Julian Assange pleads guilty to espionage but defends himself in court

He's not going to spend more time in prison and is going back to his native Australia.

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Julian Assange has formally pleaded guilty to violating the Espionage Act at a federal courthouse in Saipan, the capital of Northern Mariana Islands. The WikiLeaks founder was released from prison on June 24 after reaching a plea deal with the US government and quickly boarded a plane at Stansted Airport to make his way to Saipan. While the deal required Assange to plead guilty to "conspiring to unlawfully obtain and disseminate classified information relating to the national defense of the United States," he still defended himself in court.

According to The Washington Post, Assange argued that he should've been protected by the First Amendment as a journalist. "Working as a journalist, I encouraged my source to provide information that was said to be classified in order to publish that information," he said. "I believe the First Amendment protected that." He also said that he believes the First Amendment and the Espionage Act are in contradiction of each other, but he accepts that his actions were in "violation of an espionage statute" and that it would be "difficult to win such a case given all the circumstances."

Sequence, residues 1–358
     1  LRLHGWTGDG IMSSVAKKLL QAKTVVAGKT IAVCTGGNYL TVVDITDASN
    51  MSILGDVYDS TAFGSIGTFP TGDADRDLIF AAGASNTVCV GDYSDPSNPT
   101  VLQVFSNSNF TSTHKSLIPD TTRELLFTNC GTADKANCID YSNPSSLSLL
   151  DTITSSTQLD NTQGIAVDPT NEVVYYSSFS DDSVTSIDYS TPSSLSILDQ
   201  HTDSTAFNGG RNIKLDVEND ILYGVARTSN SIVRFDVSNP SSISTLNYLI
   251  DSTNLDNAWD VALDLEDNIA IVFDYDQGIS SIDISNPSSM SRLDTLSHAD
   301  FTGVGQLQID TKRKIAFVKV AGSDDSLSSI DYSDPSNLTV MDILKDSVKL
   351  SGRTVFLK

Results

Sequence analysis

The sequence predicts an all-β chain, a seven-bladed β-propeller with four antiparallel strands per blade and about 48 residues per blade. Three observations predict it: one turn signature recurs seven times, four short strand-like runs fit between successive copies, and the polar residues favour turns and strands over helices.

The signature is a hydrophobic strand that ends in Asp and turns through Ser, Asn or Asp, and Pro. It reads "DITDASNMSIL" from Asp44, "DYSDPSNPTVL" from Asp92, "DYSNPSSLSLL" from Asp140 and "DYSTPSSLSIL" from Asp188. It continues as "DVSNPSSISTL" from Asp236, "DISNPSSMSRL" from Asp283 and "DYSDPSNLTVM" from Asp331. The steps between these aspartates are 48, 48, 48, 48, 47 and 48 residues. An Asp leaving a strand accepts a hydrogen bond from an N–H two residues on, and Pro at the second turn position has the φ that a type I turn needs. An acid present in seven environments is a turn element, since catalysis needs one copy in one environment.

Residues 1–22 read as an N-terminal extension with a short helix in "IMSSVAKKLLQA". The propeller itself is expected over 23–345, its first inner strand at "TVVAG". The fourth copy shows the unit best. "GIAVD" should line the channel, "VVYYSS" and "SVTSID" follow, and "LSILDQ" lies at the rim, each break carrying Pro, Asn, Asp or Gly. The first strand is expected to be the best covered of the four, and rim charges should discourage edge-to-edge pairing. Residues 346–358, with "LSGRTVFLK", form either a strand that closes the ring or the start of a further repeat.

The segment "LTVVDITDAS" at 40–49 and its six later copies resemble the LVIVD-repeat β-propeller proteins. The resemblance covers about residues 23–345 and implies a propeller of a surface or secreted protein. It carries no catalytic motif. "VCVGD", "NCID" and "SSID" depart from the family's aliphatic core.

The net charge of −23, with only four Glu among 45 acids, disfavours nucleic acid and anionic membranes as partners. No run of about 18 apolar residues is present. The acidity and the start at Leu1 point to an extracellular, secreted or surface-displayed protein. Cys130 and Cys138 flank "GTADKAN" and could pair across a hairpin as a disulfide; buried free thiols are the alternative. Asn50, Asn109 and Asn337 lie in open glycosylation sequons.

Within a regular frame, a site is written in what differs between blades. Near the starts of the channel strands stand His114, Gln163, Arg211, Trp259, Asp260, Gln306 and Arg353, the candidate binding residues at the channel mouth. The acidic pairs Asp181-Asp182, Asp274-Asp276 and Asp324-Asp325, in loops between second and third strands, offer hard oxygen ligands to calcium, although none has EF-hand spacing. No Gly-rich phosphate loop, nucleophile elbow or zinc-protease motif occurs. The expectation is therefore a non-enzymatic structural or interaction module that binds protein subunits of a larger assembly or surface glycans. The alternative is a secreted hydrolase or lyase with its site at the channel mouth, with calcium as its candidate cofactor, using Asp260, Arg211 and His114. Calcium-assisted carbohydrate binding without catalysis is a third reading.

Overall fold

A lawyer for the US government, however, accused him of encouraging personnel with high security clearances to expose classified military information and threaten national security. If you'll recall, WikiLeaks published classified information related to the wars in Afghanistan and Iraq, which was obtained by whistleblower and former Army intelligence officer Chelsea Manning, under his leadership.

Lawyers from both sides argued about the time Assange served in prison, but around three hours after the proceeding started, Chief Judge Ramona V. Manglona declared that the 62 months he spent in Belmarsh Prison was reasonable and on par with the time served by Manning. Assange will not spend any time in US custody, but he has to leave the US Northern Mariana Islands immediately. The same private jet that flew him from London to Saipan flew him back to Canberra, Australia, because he wasn't allowed to fly commercial, according to his wife Stella Assange.